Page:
Updated 5 years 5 months ago
 
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Over the course of this service learning journey, I learned many things about the elder whom I had interviewed. Our interviewee's name was Li Zi Gang, a 76-year-old man. Based on my observations over the time that I had talked to him, he seemed like an easy-going person, all in all. He is an extremely stubborn man, and quite strong, mentally as well. He is as easy to move as a boulder on a mountain---which is to say, we hardly budged him, or it seemed like we could not convince him to do much. 

Despite our insistence on him telling us his different thoughts of certain events in history, he was unwilling to do so. In fact, he did not want to be talked to at all, for he had avoided us for a better part of an hour. After relentlessly negotiating him on my part, he finally gave in and at least gave us a small tour around the area that he lived in, and his daily routine. I did not learn much in terms of history, and what he remembered in significant in the past. 

In place of certain historical events that he mentioned, he walked through his daily life, and showed us the back of his shop. He seemed very wary of the camera that Matthew was holding in his hand, but if he did not approve of the device that Matthew held in his hand, he did not say anything. From what he told me, he seems to spend a long time in the shop, oftentimes eating there so that he can keep an eye on his business and potential customers. 

Considering that my service learning partner did not want to come view the video we have created, we were unable to share our video with him. Even while we were asking… no, pleading for him to attend, he shook his head and shooed us away, saying that he had no interest in what we were doing whatsoever and wanted to get this "questioning" as soon as possible. Defeated, we walked away almost empty-handed with nothing to offer except a few photos of his store and a little bit of information on his daily life.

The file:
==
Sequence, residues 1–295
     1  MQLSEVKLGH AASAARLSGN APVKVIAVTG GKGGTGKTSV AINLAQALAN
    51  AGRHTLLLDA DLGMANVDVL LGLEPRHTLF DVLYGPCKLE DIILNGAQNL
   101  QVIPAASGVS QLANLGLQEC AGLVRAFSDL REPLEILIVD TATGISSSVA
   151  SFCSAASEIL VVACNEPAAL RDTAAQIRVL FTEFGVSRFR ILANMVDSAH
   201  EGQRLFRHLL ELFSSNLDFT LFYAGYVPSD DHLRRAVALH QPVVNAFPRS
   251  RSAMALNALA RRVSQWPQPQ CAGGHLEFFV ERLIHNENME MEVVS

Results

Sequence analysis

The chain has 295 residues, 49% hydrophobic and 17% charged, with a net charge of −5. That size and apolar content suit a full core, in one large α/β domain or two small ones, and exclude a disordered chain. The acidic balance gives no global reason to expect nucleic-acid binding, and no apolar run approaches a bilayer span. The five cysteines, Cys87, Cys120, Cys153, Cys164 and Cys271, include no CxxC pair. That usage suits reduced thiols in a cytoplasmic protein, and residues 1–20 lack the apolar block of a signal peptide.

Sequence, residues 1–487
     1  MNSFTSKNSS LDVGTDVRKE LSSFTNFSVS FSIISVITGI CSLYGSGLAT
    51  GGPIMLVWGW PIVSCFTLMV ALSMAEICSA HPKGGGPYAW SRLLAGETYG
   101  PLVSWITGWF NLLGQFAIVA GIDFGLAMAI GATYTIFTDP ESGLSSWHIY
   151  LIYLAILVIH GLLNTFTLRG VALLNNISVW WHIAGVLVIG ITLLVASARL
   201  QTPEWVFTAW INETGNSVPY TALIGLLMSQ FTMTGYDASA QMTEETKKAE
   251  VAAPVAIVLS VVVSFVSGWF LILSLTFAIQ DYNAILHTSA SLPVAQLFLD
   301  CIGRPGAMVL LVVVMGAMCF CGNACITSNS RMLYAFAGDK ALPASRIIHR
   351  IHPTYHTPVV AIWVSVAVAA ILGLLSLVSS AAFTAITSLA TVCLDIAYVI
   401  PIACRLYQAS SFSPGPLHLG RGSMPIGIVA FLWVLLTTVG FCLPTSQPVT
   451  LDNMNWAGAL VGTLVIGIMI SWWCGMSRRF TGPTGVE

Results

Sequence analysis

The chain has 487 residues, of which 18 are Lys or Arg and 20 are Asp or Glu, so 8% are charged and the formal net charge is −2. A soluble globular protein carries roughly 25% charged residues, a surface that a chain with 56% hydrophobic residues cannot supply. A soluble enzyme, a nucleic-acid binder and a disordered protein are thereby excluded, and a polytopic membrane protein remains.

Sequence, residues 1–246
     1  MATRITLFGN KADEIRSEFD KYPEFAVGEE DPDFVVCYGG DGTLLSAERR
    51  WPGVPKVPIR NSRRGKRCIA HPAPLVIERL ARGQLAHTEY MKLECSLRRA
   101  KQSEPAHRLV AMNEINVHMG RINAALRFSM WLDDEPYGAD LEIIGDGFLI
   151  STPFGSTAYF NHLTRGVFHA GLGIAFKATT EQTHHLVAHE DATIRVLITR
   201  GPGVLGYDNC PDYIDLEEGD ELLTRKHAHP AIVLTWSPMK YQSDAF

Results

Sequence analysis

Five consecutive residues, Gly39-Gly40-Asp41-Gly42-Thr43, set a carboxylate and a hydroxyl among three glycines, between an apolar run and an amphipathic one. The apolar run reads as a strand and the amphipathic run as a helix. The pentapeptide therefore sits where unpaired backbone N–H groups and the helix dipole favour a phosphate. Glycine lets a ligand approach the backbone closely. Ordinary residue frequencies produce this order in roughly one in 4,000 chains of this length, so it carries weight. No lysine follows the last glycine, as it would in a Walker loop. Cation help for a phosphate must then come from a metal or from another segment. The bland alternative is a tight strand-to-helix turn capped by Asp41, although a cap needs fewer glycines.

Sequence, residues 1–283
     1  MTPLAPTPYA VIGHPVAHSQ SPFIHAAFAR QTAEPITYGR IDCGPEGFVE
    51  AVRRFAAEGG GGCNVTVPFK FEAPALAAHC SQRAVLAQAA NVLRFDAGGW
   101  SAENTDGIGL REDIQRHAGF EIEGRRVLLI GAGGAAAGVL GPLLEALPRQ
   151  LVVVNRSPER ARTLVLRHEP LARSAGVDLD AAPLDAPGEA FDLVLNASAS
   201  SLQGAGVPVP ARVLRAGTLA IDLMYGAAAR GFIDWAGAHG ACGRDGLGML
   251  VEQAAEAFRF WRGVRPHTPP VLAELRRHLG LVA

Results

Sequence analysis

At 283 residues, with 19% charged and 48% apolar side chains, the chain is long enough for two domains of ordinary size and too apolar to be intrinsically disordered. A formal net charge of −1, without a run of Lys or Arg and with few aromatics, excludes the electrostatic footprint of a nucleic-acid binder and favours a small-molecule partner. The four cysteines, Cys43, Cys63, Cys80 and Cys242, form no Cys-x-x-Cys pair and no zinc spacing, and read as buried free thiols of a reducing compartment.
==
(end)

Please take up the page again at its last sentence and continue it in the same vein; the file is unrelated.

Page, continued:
Our first service learning partner had bailed out on us, but this one was about to as well. We begged on our hands and knees, trying to appeal to him. I felt like a brokenhearted man begging for his girlfriend to come back. If it was not for our persistence, we probably would not have completed our service learning project at all. It was quite saddening, really, for our first service learning partner told us she was going to go on a three-day trip out of town and told us to find another person to interview. We wandered around the market, trying to find some potential service learning partners---we did, though none of them were willing to cooperate and were all intimidated by the tripod and camera. When we found Mr. Li by some form of a miracle, he was all for the interviewing. However, the next time we saw him, he was in the crabbiest mood and had grudgingly went along with our antics. 

To future Microcampusers (?), please, listen to all of Mr. Tafel's suggestions. He has seen the past six groups, and ours, struggle on this project. Personally, I feel that finding connections, and I mean a lot of connections, means a lot. Start out by talking to some of the locals. Once they become comfortable within your presence, start to talk to them a bit, ask them if it is alright with them to videotape them. Make sure to do this earlier in the process---if I had done so on, say, the second week, it would have made my life a lot more easier. 

About This Learner

I am currently thirteen years old and am from Fremont, California. I have lived in Shanghai for nearly ten years now, and since I heard about this Microcampus program, I was set on signing up as soon as I became an eighth grader––for the sake of the learning experience and close interaction with the locals. Initially, I had based my inquiry project on tea processing and its evolution in Xizhou, though it had shifted to finding more information on tea ceremonies.